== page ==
SAO TOME AND PRINCIPE (Dow Jones Newswires), Nov. 23, 2010
Sao Tome and Principe's national petroleum agency has announced that six oil companies have taken up offers to prospect for oil off the Gulf of Guinea archipelago.
"The National Petroleum Agency has the pleasure of announcing that within the framework of the first tender concerning the exclusive economic zone which closed Nov. 15, [six companies] have presented proposals," said a statement dated Monday.
The offers concern seven of the 19 oil blocs in Sao Tome's EEZ.
The list of firms given by Sao Tome authorities, which doesn't include their nationalities, is Afex Global, Force Petroleum, Grupo Gema SA, O.G. Engineering SA, Oranto Petroleum and Overt Energy.
The communique said further details and the specific proposals of the companies would be released later.
On March 2, the authorities simultaneously launched in London and in the archipelago their first tenders for companies to prospect for and exploit oil in Sao Tome's waters. The offer was due to close on Sept. 15, but then extended for two months.
In March, then prime minister Rafael Branco warned the country would take some time before it could expect to benefit from oil revenue from the blocs put out to tender, estimating that "in the best case scenario" the money would begin to come in "only within the next eight years."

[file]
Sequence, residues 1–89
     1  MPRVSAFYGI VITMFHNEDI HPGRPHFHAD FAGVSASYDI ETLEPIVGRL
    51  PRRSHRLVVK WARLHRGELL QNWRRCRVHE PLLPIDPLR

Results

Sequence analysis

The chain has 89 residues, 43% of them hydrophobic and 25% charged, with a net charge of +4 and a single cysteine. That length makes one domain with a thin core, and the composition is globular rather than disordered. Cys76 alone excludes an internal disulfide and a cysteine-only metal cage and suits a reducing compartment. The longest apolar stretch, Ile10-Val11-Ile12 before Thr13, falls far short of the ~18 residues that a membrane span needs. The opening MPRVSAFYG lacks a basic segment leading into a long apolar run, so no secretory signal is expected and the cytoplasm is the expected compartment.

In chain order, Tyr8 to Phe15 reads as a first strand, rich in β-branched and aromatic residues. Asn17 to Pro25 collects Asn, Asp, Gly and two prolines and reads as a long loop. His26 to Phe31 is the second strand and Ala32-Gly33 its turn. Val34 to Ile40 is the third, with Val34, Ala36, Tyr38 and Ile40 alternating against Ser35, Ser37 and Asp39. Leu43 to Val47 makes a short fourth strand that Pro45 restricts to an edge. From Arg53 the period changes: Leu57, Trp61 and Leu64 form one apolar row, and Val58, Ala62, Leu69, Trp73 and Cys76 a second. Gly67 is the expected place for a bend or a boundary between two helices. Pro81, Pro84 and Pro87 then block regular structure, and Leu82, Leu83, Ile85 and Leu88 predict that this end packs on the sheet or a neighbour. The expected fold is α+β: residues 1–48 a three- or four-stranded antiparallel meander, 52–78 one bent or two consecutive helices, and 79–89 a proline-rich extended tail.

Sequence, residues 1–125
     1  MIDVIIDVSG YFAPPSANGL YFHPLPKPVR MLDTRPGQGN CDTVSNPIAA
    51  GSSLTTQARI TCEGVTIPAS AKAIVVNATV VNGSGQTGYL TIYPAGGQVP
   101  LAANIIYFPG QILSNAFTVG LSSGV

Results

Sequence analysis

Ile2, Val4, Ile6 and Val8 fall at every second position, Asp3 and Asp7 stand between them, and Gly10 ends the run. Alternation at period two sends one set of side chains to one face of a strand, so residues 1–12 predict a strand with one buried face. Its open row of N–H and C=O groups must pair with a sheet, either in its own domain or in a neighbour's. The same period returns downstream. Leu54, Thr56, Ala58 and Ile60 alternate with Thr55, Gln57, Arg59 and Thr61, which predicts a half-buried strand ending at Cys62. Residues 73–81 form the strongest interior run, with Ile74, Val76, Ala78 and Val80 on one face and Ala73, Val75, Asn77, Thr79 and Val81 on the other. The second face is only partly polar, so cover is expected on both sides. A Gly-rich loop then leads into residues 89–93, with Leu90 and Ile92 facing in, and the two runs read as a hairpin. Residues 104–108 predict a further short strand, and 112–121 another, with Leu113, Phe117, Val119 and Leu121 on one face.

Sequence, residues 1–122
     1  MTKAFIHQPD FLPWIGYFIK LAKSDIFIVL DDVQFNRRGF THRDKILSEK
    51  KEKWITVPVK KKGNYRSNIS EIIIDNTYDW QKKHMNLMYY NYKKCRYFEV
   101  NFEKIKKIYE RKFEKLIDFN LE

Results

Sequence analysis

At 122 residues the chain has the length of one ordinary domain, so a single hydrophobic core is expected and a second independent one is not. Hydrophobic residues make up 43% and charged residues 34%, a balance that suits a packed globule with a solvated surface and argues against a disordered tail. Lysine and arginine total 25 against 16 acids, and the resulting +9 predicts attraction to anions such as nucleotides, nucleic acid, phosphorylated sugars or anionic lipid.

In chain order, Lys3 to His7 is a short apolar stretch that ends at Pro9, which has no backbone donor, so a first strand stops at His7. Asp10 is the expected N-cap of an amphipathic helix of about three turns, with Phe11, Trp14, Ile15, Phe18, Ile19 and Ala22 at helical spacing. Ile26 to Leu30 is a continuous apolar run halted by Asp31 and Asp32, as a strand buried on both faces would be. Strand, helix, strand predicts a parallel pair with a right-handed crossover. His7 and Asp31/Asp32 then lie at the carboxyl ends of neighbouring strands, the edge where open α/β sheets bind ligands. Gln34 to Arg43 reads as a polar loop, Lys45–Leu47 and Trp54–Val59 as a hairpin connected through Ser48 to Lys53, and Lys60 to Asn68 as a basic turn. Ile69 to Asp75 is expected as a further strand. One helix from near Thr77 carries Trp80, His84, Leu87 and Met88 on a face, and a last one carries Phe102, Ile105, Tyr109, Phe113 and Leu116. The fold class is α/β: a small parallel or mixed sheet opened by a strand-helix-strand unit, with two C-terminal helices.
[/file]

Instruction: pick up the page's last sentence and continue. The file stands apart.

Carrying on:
The closure of the tender was announced as Sao Tome and Principe is hosting, from Nov. 22-25, the 14th United Nations Conference on Trade and Development Africa Oil and Gas, Finance, Trade and Finance Conference and Exhibition.
Sao Tome and Principe, a former Portuguese colony whose limited budget is augmented by international financial assistance, is one of the few countries in the Gulf of Guinea not yet to have exploited its potential oil wealth. Test drillings carried out in 2003 and 2007 in an offshore bloc bordering on Nigeria didn't come up with the hoped-for results. Sao Tome was hoping to be producing oil by 2011, but economic and diplomatic sources now estimate its first barrels of crude can be envisaged by 2014.
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